Token opposition to NDA nominee for President
The cloak and dagger secrecy over the election of the next President of India by both the ruling and the opposition parties shows a complete breakdown of relationships between the two sides. The National Democratic Alliance (NDA) led by Prime Minister Narendra Modi has the numbers to gets its nominee elected as the Head of the State. The opposition parties led by the grand old party, the Congress, and guided by ideological moorings of the Communist parties can at best hope to put up a token fight.
The candidates of both the opposition and the ruling party are usually well known in advance though there may be an occasional delay in formal announcement. Not since the famous contest between VV Giri and N Sanjeeva Reddy has the nominee for the next Head of State been kept such a closely guarded secret between Prime Minister Narendra Modi and his confidante BJP president Amit Shah.
The plans to make the contest for the presidential election a forerunner to the next general election has failed to take off. The Nationalist Congress Party (NCP) leader Sharad Pawar and Samajwadi Partry (SP) stalwart Mulayam Singh Yadav have already indicated their preference to go with the NDA. The Congress has succeeded in keeping the Aam Aadmi Party out of the opposition conclave, a move that would add to the problems of the Kejriwal led outfit in the coming days.
Apart from opposition veterans breaking ranks, the ruling alliance has the support of Telugu Desam Party, Telangana Rashtra Samiti, YSR Congress and the rival factions of the All India Anna Dravida Munnetram Kazhgam. The parties of northeast and Jammu and Kashmir are expected to rally behind the NDA and give a fillip to the ruling party’s prospects in having its nominee as the President when elections are held on July 17.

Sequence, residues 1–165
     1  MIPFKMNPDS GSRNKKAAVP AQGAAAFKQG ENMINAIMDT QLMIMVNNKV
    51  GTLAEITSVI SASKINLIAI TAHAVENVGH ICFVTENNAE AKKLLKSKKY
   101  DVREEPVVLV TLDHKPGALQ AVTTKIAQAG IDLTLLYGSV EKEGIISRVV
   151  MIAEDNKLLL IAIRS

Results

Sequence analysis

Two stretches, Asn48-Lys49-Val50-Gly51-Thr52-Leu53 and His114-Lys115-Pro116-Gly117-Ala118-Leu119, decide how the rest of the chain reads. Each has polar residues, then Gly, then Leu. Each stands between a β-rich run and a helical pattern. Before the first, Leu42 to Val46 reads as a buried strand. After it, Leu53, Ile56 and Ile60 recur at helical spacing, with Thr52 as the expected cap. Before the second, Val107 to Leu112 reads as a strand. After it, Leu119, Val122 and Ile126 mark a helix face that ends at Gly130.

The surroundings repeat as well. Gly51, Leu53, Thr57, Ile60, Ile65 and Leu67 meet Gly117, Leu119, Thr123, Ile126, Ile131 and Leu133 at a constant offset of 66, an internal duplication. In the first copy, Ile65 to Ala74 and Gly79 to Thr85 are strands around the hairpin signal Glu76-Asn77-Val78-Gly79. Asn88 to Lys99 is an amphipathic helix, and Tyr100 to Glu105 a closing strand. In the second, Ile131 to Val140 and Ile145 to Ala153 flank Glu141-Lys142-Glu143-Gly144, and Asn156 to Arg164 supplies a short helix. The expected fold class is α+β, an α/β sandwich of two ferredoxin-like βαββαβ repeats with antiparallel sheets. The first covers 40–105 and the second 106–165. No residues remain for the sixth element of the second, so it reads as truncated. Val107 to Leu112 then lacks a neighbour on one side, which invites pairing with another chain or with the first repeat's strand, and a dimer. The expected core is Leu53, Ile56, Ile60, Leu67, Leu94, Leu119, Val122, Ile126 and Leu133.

The Shiv Sena’s initial reluctance to extend support to NDA nominee without the nominee being known is part of usual bargaining that the Mumbai-based party is well known about. In fact, the Shiv Sena had broken ranks of the NDA in the last two presidential elections and voted with the United Progressive Alliance candidates.
Yet the NDA and the opposition continue to maintain near silence on their prospective candidates. Both the sides seem to be keeping a close watch of development in the rival camps. Even as a committee comprising Home Minister Rajnath Singh, Finance Minister Arun Jaitley and Information and Broadcasting Minister M. Venkaiah Naidu seek to build consensus on the next President, they seem to be in the dark on their candidate. The opposition, at the same time, the opposition desperately short of numbers is waiting for the NDA to announce their nominee for the Head of the State.
There was an effort by Janata Dal (United) president and Bihar chief minister Nitish Kumar to build a consensus around a second term for incumbent Pranab Mukherjee. However, the lukewarm response by the NDA put paid to such a move. Barring Rajendra Prasad, no President of India has got a second term to office.
Presidential elections have been a rather tame affair, barring the keenly contested election between VV Giri and N. Sanjeeva Reddy in 1969. Giri was finally elected on the basis of second preferential vote. The reason for the close fight was an epic battle within the Congress as Indira Gandhi sought to outmanoeuvre the old guard in the party. However, Sanjeeva Reddy was elected unopposed in July 1977 in the election that followed Fakhruddin Ali Ahmed’s sudden death.
The decision of former Chief Justice of India K. Suba Rao to be opposition candidate against Zakir Hussain in 1967 was severely criticized as the judge jumped into electoral fray within days of relinquishing office. Many were to perceive that some of his landmark judgements that curtailed Parliament power to amend constitutional provisions dealing with fundamental rights were guided by political considerations.